“Hi! Can I get a glass of Butterbeer for you? Would you like it frozen? Would you like to buy a commemorate [sic] cup? Do you need a minute?” He said this all while not blinking once, reciting the memorized speech as if it was only the fifth time he was telling another human person and not the walls that enveloped him for the duration of his shift. I slinked away quietly, but not before responding, “No thanks, I’m straight.” Again, no blinking. My Muggle-like humor had no home here.

After that, I quickly narrowed my sights on a man sitting behind frilly top hats and Potter-themed messenger bags. I was hungry to dig my teeth into some nerd warfare. His name was Michael, and he stood proud beneath a top hat and matching borderline time traveler-y vest. His booth featured nerd-themed messenger bags he hand-stitched himself. According to him, the idea was born out of attending the Harry Potter Adult Wizard Camp where he and his fellow tax-paying human people attended each day with their own wands. Michael’s an innovator, you see, and he saw a need and leaped to fulfill it. His wand-carrying messenger bags were quickly the toast of the Wizard Ball, and online orders soon followed.

“Alright, but what’s the strangest bag you’ve made?” I was ready to throw some dirt, burn some l-b’s, get down on some weird stuff. He hesitated. “Uh. I don’t know, like, Twilight?” My eyes lit up and I went in for the kill with the best joke at my disposal. “Yeah, Twilight! They’re fading fast amiriiiight?”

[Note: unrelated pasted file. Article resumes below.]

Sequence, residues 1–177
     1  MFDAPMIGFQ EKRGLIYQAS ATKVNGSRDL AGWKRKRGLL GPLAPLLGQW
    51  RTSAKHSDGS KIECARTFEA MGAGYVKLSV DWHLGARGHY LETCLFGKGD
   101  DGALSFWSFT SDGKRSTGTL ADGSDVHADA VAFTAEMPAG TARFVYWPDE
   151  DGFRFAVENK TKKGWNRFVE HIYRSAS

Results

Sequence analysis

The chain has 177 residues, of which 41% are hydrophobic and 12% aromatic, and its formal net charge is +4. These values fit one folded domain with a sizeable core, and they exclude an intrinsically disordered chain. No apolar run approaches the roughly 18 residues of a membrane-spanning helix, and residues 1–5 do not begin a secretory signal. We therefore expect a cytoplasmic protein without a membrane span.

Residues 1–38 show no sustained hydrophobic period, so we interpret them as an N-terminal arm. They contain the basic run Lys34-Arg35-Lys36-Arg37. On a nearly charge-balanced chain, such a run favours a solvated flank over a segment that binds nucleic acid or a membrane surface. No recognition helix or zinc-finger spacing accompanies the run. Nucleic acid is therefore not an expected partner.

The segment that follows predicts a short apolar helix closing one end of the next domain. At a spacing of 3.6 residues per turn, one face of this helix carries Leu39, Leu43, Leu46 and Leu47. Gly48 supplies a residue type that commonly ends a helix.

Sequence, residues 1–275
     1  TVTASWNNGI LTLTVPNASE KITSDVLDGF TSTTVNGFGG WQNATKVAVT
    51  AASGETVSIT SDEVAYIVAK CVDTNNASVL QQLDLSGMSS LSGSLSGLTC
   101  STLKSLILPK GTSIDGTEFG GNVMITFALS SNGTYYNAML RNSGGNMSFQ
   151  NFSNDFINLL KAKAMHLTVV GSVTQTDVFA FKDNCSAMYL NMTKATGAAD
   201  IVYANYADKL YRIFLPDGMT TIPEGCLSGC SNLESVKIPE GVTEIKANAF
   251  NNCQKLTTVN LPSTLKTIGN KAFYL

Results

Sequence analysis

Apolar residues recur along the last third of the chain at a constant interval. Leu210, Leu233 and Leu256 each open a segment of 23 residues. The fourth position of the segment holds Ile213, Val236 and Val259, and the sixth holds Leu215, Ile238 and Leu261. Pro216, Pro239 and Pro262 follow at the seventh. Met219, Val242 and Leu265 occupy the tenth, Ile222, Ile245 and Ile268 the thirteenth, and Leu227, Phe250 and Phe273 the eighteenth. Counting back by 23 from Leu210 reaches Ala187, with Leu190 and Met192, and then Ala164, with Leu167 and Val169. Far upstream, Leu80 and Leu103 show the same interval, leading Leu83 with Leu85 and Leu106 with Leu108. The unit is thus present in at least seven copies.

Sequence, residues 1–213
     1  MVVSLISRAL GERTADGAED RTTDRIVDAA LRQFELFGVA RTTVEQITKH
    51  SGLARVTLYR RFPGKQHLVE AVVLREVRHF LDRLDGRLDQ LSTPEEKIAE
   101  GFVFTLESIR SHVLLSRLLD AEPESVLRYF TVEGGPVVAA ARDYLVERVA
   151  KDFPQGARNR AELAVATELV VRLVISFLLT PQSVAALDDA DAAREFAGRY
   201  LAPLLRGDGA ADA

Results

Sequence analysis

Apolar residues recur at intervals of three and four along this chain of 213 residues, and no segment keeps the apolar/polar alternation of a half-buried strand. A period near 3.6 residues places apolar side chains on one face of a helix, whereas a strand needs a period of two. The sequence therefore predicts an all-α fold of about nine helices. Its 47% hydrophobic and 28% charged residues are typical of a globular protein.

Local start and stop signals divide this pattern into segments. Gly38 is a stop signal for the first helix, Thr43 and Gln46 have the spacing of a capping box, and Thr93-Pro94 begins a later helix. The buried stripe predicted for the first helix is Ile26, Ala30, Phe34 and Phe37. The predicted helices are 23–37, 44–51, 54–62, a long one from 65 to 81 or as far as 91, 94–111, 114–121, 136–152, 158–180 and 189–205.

When I clocked in a couple of summers ago, the store had a “Twilight Corner,” more out of obligation than fan dedication. All throughout that summer I watched it vanish before my eyes, slipping smaller and smaller until it was just a set of Robert Pattinson bedroom-wall appliqués.

I struggled to get Michael to shit-talk vampires. “I mean, they still have conventions every year. So I guess they’re doing OK.” “Yeah, but what about steampunk? That’s like the world’s punchline, right?” The moment I said this my eyes found a butterfly hairpin composed of clock gears. I swallowed my words. “I mean, I don’t think that, but you know, the outsiders must feel that way.”

More and more steampunk people comprised the remainder of the faire. I found out there is such a thing as a “steampunk celebrity,” an individual or group of people who are notorious among the gear-obsessed circles. I asked a young goth girl named Kiara, “Don’t you ever feel like they’re the dorkiest group out of the nerdy?” Again, nothing. “It’s cool. They’re creative. They’re just having fun like the rest of us.” Her words were positively stated, like a hand reassuringly patting me on the shoulder, aware of my disappointment.

I emerged from the tiny nerd fray, dejected by the realization that my graduating class of nerd-dom had long since sashayed away into that good night. A new wave of pop culture appreciators have been ushered into the Chapel for Thou With Specific Interests, and they’re standing at the gates placing flowers where there once were lightsaber beams.

Maybe there isn’t too strong a difference between Skywalker and Spock, but they’ll never take my Potter-loving heart. Though I appreciate and respect others whose allegiance may differ from mine, I stand my ground on who my favorite Doctor Who actor is, or which Harry Potter house I hold empathy for.

And though Mama Lady and Baby Lady, may never know this world, I’m sure they’d still agree with me in saying that Twilight still most definitely sucks. 

@juliaprescott